This blog is a constantly evolving forum for thoughts on perfume, perfume-making, plants (especially orchids and flora of the Pacific Northwest) and life in general. It started out chronicling the adventures of Olympic Orchids Perfumes, established in July 2010, and has expanded in other directions. A big part of the blog is thinking about the ongoing process of learning and experimentation that leads to new perfumes, the exploration of perfumery materials, the theory and practice of perfume making, the challenges of marketing perfumes and other fragrance products, and random observations on philosophy and society. Spam comments will be marked as such and deleted; any comments that go beyond the boundaries of civil discourse will also be deleted. I am grateful to all of you, the readers, who contribute to the blog by commenting and making this a truly interactive perfume project.
Sunday, May 29, 2011
THE FRAGRANT COCKLESHELL: SERENDIPITY STRIKES AGAIN
Encyclia radiata (or Prostechea radiata, as it’s now called) is one tough orchid plant. Last fall my plant was attacked by some insect cooties that nearly did it in. Once I discovered the problem, I treated the plant to get rid of the pests, a violent treatment that was designed to kill or cure. The poor plant was doused with nasty chemicals, painted with neem oil, and put outside in temperatures that hovered somewhere around freezing. During the coldest part of the winter, it sat in quarantine in the garage with no water or light for several months. In early March it went outside again, once more in cold temperatures. Then one day it started putting out flower buds.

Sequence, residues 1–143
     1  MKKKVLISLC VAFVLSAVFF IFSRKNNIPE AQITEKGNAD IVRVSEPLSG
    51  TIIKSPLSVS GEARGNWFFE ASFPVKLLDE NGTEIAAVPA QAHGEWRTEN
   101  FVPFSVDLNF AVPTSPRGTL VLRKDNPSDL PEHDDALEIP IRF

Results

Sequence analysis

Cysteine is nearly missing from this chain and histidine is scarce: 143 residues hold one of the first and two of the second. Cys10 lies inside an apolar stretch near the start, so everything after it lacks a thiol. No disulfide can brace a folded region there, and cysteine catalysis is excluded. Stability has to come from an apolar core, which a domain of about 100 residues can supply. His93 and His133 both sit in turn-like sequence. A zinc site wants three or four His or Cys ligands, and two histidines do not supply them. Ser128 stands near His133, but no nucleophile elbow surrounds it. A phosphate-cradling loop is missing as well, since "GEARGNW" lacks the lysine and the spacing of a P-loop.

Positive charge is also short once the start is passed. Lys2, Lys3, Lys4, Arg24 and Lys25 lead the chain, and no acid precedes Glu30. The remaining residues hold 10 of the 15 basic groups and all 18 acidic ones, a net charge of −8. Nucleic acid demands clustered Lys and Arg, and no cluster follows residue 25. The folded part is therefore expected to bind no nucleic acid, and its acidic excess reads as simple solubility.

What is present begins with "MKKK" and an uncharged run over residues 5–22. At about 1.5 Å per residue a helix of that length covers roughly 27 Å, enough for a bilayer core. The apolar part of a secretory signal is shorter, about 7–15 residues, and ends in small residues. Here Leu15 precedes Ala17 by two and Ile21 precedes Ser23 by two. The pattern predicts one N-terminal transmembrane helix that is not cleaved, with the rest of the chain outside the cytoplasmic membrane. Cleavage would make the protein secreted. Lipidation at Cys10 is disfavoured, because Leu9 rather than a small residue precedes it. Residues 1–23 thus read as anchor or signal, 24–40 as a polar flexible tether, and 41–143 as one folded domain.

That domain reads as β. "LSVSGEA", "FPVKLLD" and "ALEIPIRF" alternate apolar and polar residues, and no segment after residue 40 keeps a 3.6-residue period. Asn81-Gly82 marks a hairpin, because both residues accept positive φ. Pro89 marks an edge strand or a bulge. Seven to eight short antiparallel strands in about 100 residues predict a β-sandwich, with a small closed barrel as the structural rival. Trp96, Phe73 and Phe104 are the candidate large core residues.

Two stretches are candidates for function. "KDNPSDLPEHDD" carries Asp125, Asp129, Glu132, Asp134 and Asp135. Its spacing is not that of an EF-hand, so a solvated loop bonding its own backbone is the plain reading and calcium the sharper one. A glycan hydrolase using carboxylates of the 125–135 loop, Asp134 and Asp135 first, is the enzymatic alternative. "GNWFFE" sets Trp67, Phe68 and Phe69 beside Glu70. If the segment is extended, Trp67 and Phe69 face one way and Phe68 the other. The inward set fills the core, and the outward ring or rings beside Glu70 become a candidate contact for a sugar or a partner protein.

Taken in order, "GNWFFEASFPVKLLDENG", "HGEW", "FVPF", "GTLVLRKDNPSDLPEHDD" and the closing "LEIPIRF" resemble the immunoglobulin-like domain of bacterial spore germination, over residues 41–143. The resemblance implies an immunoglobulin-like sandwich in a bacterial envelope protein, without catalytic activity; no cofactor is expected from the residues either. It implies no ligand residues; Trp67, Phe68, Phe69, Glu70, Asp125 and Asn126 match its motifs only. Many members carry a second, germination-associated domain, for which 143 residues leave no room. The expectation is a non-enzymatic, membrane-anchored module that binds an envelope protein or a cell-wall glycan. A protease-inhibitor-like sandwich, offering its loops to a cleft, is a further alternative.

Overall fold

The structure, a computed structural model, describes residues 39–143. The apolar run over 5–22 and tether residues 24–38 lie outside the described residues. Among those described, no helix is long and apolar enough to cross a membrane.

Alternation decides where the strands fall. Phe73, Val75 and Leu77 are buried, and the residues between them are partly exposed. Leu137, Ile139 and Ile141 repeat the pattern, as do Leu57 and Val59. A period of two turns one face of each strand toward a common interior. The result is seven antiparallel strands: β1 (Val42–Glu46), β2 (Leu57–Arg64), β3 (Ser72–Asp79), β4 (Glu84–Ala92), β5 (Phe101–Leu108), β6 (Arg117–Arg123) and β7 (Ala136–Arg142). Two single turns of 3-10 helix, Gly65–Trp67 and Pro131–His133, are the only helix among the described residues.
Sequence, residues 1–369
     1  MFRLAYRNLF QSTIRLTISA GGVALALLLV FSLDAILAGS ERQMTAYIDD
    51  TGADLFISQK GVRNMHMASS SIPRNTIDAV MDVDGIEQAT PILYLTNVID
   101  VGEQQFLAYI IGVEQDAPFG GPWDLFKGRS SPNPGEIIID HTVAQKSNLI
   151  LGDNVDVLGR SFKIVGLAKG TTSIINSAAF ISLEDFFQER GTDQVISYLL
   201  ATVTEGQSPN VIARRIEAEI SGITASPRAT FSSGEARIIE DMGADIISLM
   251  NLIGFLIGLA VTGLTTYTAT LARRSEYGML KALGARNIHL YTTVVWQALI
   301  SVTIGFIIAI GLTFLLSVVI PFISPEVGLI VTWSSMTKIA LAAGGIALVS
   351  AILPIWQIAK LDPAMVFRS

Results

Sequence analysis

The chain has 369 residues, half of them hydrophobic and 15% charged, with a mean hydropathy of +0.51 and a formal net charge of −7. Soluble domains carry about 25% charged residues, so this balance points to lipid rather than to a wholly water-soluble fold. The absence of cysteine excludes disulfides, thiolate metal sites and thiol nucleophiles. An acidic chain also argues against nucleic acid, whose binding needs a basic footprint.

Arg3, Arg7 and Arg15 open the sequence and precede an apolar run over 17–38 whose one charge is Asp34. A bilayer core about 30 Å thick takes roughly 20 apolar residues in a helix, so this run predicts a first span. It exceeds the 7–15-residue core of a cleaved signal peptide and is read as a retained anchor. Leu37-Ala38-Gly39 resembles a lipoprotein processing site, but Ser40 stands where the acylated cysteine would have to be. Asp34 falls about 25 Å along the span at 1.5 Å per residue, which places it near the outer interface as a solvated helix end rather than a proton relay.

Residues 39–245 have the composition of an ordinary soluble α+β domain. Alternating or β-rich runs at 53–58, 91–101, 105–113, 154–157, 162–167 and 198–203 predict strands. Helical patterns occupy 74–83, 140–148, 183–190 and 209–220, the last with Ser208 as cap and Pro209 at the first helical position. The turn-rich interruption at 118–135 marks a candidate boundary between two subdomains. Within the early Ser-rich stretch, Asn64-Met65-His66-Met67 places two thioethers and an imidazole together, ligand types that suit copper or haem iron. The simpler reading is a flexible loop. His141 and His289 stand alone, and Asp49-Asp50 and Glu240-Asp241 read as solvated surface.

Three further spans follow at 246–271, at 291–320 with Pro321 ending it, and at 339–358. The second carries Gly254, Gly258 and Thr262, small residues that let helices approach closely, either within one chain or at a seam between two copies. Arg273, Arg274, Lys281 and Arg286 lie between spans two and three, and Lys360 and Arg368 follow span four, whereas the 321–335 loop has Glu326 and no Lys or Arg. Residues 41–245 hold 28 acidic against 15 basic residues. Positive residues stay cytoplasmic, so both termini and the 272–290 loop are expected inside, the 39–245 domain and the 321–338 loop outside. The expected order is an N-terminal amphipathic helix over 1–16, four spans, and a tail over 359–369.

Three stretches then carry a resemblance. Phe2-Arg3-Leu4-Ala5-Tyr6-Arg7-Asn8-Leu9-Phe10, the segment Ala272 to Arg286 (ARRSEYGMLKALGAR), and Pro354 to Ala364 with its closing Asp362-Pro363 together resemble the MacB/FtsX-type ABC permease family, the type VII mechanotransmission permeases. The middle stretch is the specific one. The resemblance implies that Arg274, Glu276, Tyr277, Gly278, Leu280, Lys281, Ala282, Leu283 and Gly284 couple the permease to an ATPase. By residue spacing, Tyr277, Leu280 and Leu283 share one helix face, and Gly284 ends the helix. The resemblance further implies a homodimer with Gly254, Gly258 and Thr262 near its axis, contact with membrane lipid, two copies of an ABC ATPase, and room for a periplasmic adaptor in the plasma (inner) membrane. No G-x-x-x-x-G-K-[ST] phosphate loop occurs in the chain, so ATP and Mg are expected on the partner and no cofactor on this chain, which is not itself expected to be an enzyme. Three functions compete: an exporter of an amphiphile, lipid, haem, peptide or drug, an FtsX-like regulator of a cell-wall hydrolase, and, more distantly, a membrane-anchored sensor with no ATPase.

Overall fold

The plant is now healthy, growing profusely, and blooming. It's in a place of honor on the kitchen counter, sporting a spray of lovely greenish-white flowers with purple-striped lips shaped like scallop shells, pumping out its amazing perfume. It’s a rich, vanilla-based fragrance with heaps of cinnamon, orange-y citrus, and a bit of indole beneath it all. Mostly, though, it’s a cinnamon-flavored dessert with some odd notes that are hard to describe because they’re unique.
As soon as as I smelled it, I considered making a perfume to honor this wonderful little plant. I’m thinking I’d call it Flor Conchita (little shell flower), which is its common name in Mexico, where it grows wild.
I never cease to be amazed by all of the serendipitous coincidences in perfume making and perfume sampling. The very day that my Conchita was blooming - I tried an extremely rare vintage Guerlain called Dawamesk, which contains indolic flowers and vanilla, and dries down to a base with a significant cinnamon note. I was standing in the kitchen when I smelled something that I thought was an unusually strong current of Dawamesk sillage, but it was not coming from my arm. I quickly traced it to the little orchid plant on the counter. I sniffed back and forth between my arm and the flowers, and the more I sniffed, the more I realized that the perfume and the orchid smelled shockingly similar. I’m blown away by the similarity between the scent of Encyclia radiata flowers and Guerlain Dawamesk. It’s almost enough to make me believe in the Jungian idea of synchronicity. It’s certainly enough to make me think that a perfume inspired by the orchid would pretty much amount to a remake of Dawamesk. Maybe that wouldn’t be such a bad thing.
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